I mentioned a year ago using the Raspberry Pi Camera to provide motion data; this motion data is a bi-product of the compression of h.264 video frames.

Each frame in a video is broken up into 16 x 16 pixel blocks (macro-blocks) which are compared to the blocks from the previous frame to find nearest matches.  Then an X, Y vectors is produced for each macro-blocks for the best matching block in the previous frame along with a score of absolute differences (SAD) – essentially a score of trustworthyness of the vector.  This happens at the frame rate for the video as part of the h.264 video compression algorithm, and is produced by the GPU alone.

Because of the fixed frame rate, these are effectively velocity vectors, and because the camera would be strapped under the quadcopter body, the velocities are in the quadcopter reference frame.  A crude processing of this data would simply be to average all the X,Y vectors based upon each SAD values to come up with a best guess estimate of an overall linear vector per frame.  Better processing would need to accommodate yaw also.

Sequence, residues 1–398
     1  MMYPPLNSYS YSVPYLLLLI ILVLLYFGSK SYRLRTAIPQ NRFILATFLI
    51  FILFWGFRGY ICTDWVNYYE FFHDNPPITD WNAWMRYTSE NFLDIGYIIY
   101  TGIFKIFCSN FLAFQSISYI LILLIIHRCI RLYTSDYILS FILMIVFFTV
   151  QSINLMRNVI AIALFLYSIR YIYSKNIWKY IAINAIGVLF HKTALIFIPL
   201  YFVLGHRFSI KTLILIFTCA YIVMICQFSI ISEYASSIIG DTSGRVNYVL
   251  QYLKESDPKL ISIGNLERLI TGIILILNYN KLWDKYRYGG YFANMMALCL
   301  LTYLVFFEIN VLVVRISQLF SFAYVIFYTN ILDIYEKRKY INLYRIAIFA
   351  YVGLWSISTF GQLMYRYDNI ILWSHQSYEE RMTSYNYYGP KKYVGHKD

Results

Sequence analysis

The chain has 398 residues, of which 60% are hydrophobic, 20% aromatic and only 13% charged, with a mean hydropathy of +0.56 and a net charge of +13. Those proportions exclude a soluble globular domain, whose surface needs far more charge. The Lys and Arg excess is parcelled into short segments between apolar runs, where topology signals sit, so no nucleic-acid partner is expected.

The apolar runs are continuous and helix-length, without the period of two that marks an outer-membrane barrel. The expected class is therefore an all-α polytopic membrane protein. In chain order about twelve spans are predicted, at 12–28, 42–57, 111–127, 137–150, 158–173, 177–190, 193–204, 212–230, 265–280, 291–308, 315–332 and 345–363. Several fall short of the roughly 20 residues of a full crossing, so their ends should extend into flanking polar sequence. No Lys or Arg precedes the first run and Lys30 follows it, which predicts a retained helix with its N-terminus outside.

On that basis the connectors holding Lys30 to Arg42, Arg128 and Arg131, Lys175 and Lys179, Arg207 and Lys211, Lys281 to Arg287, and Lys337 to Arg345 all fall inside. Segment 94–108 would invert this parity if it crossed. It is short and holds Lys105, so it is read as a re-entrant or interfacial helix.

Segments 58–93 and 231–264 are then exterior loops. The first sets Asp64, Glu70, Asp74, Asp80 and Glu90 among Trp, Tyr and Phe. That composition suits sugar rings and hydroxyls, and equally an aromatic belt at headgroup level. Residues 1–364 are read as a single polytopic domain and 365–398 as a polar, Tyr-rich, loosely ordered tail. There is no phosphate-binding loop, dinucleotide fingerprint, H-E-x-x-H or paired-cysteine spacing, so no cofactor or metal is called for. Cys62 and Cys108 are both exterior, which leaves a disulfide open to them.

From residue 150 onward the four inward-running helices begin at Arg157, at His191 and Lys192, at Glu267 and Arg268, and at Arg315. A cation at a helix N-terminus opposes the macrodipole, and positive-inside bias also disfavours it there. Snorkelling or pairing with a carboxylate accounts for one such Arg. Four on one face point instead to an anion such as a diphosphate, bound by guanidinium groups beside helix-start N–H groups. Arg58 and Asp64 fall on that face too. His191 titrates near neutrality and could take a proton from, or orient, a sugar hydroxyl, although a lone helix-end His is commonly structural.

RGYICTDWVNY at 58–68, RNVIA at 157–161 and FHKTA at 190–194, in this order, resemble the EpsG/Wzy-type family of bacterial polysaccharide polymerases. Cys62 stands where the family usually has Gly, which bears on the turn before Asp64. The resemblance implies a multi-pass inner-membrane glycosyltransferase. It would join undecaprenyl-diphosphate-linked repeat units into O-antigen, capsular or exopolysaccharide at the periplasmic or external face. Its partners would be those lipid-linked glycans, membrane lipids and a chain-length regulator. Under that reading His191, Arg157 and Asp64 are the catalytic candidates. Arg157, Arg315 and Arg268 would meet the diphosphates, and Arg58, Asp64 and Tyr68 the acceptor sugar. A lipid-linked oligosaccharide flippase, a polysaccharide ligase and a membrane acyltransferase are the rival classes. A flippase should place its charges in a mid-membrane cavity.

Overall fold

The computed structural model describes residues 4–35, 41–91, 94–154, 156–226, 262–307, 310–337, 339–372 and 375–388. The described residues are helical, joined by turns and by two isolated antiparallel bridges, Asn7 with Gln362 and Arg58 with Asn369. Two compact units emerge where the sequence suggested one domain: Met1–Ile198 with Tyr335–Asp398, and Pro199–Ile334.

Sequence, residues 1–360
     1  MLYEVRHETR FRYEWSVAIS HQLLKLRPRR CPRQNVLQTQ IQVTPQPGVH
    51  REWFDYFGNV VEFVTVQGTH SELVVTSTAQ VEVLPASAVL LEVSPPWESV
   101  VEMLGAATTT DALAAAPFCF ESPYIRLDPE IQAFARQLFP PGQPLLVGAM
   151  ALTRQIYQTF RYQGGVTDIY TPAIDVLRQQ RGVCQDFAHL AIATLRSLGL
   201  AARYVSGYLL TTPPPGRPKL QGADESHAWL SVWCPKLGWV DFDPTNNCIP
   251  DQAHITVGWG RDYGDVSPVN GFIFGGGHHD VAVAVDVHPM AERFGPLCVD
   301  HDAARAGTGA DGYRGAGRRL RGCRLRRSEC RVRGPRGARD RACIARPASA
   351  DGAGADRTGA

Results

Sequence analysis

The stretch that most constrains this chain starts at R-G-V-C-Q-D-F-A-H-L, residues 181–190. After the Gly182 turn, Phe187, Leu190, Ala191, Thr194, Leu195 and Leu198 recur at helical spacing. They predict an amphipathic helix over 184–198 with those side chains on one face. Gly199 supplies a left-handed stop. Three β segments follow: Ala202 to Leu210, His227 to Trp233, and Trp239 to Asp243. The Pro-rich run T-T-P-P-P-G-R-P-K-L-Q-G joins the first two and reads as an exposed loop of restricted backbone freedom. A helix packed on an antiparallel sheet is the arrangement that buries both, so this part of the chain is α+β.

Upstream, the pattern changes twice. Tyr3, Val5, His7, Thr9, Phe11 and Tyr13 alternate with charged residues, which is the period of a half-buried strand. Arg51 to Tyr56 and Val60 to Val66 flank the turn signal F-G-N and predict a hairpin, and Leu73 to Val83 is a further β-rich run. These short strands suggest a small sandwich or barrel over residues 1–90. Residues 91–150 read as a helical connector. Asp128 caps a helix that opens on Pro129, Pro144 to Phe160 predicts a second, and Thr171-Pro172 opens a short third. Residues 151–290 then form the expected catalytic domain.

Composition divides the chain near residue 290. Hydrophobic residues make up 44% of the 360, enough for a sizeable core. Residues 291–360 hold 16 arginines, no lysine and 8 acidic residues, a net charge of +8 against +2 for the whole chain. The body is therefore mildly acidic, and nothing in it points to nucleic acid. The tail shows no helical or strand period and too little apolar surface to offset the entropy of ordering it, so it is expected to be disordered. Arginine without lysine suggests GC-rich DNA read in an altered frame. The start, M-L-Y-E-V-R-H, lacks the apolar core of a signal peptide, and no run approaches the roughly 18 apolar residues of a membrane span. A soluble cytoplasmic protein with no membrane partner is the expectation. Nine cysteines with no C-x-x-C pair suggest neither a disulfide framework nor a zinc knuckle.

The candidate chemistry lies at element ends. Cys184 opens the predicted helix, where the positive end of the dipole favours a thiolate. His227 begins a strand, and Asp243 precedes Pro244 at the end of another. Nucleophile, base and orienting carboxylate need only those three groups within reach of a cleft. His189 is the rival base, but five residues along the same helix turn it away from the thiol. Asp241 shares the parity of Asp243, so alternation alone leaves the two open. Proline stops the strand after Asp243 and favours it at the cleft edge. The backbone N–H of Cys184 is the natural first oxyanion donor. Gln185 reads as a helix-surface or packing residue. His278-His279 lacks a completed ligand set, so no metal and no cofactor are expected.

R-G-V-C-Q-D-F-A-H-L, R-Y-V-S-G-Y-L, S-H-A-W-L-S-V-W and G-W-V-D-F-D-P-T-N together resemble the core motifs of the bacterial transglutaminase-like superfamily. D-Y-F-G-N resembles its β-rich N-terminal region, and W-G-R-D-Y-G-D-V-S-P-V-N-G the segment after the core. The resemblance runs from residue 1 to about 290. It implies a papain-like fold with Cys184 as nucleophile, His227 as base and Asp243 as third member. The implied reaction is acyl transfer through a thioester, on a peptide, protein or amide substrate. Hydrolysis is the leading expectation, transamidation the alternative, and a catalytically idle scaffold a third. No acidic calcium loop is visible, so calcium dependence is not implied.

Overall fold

All this function is now available from the Python picamera interface making it very easy to create a motion tracking process which feeds the macro-block vectors + SAD data to the HoG code which can do the averaging and produce the quadframe velocity PID inputs for the X and Y axes.  The velocity PID targets are set as now to be earth-frame speeds reorientated to the quad-frame.


  • frame speed and processing on the GPU
  • no integration of (accelerometer – subtraction of gravity rotated to the quadframe) to get velocity hence no cumulative error from offsets


  • need some height information – possibly just best estimate as now

This opens up the possibility of indoor and outdoor motion processing over varying contrast surfaces, or laser tracking over surfaces without significant contrast difference.

First step is to adapt the existing Kitty code to churn out these motion vectors and stream them to a dummy module to produce the resultant velocity PID inputs.  More thoughts anon.

6 thoughts on “Kitty++

  1. Pingback: Motion vectors from Raspicam videos | PiStuffing

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  3. Pingback: Detect motion vector with the Raspberry Pi Camera | Tim Delbrügger

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